The Role of Environmental Toxins in ALS

ALS, ALS symptoms, what is ALS, ALS treatment

scientific study investigated the role of exposure to toxins within the workplace in the development of Amyotrophic Lateral Sclerosis in workers. The study examined “109 cases 253 controls who completed a structured interview covering occupations and workplace exposures. (Fang et al.,2009).”

According to the study results, construction workers and metal workers are at a higher risk for ALS, though supervisors showed no increased risk. An association of a 60-90% higher risk for developing ALS correlated to exposure to the following chemicals:

  • Paint Strippers
  • Cutting Lubricant,
  • Cooling Lubricants
  • Lubricating Oils
  • Antifreeze
  • Coolants
  • Mineral or White Spirits
  • Dry Cleaning Agents

This list is alarming, considering that most of these chemicals arrive packaged with little warning of potential risks. Many occupations rely on the regular use of the substances above. The need to support one’s family negates the possibility of objecting to their use or turning to another profession.

Lead as a Risk for ALS

Another study examined the role of lead exposure in the development of ALS. The study confirmed an associated risk between self-reported lead exposure and the development of ALS.

The following information from the CDC and the National Institute for Occupational Safety and Health (NIOSH) lists the occupations at “risk of lead exposure:

  • Artists (materials used may contain lead)
  • Auto repairers (car parts may contain lead)
  • Battery manufacturers (batteries contain lead)
  • Bridge reconstruction workers (old paint may contain lead)
  • Construction workers (materials used may include lead)
  • Firing range instructors and gunsmiths (ammunition contains lead)
  • Glass manufacturers (lead may be used in glass production)
  • Lead manufacturers
  • Lead miners
  • Lead refiners
  • Lead smelters
  • Manufacturers of bullets, ceramics, and electrical components (all contain lead)
  • Painters (old paint and commercial paint may contain lead)
  • Plastic manufacturers (materials made may contain lead)
  • Plumbers and pipefitters (pipes may contain lead)
  • Police officers (ammunition contains lead)
  • Radiator repairers (radiators may contain lead)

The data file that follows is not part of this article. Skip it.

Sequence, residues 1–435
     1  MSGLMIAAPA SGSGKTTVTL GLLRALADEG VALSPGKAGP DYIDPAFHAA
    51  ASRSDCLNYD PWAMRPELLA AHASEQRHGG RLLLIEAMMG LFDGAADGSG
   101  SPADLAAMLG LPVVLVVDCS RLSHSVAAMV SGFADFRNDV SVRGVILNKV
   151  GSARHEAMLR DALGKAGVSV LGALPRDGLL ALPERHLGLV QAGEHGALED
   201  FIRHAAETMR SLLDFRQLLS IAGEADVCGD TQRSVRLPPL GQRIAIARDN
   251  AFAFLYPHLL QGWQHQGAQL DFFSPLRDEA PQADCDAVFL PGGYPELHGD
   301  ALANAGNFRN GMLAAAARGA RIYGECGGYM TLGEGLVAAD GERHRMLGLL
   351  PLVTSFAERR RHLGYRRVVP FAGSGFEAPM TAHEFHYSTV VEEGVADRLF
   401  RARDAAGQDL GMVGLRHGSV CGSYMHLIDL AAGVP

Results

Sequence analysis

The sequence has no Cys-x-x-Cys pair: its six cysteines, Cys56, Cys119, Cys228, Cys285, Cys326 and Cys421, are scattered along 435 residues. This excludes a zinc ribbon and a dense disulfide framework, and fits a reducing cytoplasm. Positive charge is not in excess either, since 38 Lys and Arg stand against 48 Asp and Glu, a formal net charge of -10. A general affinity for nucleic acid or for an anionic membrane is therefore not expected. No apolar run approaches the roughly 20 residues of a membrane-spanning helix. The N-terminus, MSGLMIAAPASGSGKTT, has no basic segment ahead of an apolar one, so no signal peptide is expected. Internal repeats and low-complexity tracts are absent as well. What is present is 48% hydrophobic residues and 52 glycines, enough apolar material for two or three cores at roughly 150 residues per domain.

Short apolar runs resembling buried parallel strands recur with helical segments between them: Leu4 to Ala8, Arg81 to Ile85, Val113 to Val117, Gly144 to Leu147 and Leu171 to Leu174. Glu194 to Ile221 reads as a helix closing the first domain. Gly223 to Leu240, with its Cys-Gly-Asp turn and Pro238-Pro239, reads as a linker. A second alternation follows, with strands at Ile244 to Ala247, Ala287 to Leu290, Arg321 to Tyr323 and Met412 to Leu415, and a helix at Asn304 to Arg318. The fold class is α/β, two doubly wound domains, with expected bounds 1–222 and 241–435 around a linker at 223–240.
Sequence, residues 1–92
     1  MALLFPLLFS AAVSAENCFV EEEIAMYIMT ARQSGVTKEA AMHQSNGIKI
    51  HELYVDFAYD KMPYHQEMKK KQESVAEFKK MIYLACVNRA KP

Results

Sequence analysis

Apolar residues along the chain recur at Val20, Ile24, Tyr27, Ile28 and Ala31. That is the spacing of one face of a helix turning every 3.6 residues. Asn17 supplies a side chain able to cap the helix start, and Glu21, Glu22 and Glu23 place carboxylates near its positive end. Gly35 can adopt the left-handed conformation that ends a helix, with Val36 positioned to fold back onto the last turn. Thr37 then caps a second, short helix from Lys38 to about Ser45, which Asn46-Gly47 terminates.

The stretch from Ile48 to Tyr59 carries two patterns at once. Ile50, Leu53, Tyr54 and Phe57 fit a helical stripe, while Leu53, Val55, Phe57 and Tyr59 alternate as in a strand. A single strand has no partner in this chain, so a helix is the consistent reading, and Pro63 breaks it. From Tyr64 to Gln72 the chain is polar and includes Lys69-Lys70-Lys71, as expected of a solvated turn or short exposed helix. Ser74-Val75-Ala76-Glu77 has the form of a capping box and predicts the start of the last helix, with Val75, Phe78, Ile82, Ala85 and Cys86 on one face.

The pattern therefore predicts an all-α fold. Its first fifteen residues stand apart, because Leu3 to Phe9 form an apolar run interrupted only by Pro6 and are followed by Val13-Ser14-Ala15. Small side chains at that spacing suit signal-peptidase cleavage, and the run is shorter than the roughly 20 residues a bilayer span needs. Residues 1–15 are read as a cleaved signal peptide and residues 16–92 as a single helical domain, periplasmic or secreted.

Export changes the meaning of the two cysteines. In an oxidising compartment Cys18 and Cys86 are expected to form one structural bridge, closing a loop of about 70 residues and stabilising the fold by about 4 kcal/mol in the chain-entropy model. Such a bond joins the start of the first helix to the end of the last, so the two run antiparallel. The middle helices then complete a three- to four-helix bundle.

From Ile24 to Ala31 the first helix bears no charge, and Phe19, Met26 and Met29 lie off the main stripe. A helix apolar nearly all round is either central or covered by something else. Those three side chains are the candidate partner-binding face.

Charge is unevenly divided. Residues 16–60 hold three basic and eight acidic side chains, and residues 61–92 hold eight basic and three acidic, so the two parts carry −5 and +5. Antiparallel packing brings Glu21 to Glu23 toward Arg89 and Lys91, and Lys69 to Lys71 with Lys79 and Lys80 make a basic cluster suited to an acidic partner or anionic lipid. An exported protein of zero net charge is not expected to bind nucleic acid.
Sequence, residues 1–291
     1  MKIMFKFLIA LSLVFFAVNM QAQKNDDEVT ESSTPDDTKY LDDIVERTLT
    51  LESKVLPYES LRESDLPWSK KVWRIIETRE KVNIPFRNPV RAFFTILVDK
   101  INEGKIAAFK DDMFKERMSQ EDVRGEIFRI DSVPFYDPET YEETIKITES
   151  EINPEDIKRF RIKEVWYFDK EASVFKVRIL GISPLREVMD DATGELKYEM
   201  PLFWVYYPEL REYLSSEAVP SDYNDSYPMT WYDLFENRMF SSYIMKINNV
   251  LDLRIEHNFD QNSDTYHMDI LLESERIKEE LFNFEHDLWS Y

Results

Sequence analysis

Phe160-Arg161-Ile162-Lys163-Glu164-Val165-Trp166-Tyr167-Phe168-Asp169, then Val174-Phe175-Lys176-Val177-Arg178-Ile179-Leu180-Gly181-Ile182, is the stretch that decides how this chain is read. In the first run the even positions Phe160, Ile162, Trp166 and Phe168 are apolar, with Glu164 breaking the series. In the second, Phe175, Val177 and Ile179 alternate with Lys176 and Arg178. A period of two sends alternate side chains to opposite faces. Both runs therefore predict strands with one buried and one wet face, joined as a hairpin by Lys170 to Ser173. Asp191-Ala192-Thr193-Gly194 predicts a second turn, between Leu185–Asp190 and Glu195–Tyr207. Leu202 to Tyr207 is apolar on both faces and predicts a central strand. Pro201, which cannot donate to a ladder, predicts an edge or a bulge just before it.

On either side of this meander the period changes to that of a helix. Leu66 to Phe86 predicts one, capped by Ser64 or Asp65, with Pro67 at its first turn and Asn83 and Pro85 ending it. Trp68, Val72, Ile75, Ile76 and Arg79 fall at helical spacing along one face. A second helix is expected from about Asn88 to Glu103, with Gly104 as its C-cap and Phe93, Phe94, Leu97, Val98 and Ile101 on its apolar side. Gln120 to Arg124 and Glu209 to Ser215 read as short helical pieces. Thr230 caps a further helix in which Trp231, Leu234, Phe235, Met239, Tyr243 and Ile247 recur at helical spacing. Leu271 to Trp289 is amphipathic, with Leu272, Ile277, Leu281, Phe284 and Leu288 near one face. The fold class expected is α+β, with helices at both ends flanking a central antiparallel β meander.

• Recyclers of metal, electronics, and batteries (may contain lead)
  • Rubber product manufacturers (process contains lead)
  • Shipbuilders (materials used may include lead)
  • Solid waste incinerator operators (waste may contain lead)
  • Steel welder (galvanized steel is coated in part with lead)(CDC,2018).”

ALS, ALS symptoms, what is ALS, ALS treatmentAs you can see, the list is exhaustive. Given the significant number of environmental toxins many workers are regularly exposed to, and the confirmed higher risk of ALS given exposure, it is shocking that only two in 100,000 people develop ALS.

If we, as a society, are to reduce the rate of disease caused by environmental toxins, we will need to begin demanding a reduction in toxins within our environment. Environmental toxins harm the biosphere on a grand scale, poisoning water, land, animals, and humans. Sadly, our economic system is supported by professions interdependent on toxic chemicals, and a radical systemic change must occur before a reduction of toxins occurs. The first step is getting society to acknowledge the problem through awareness. It is our hope that this article will serve as an essential step toward that end.

Fang F, et al, Workplace exposures and the risk of amyotrophic lateral sclerosis, Environ Health Persp, 117:1387-92, 2009

Homer RD, et al., Amyotrophic lateral sclerosis among 1991 Gulf War veterans: evidence for a time-limited outbreak, Neuroepidemiol 31:28-32, 2008

“Jobs That May Have Lead Exposure.” Centers for Disease Control and Prevention, Centers for Disease Control and Prevention, 18 June 2018, www.cdc.gov/niosh/topics/lead/jobs.html.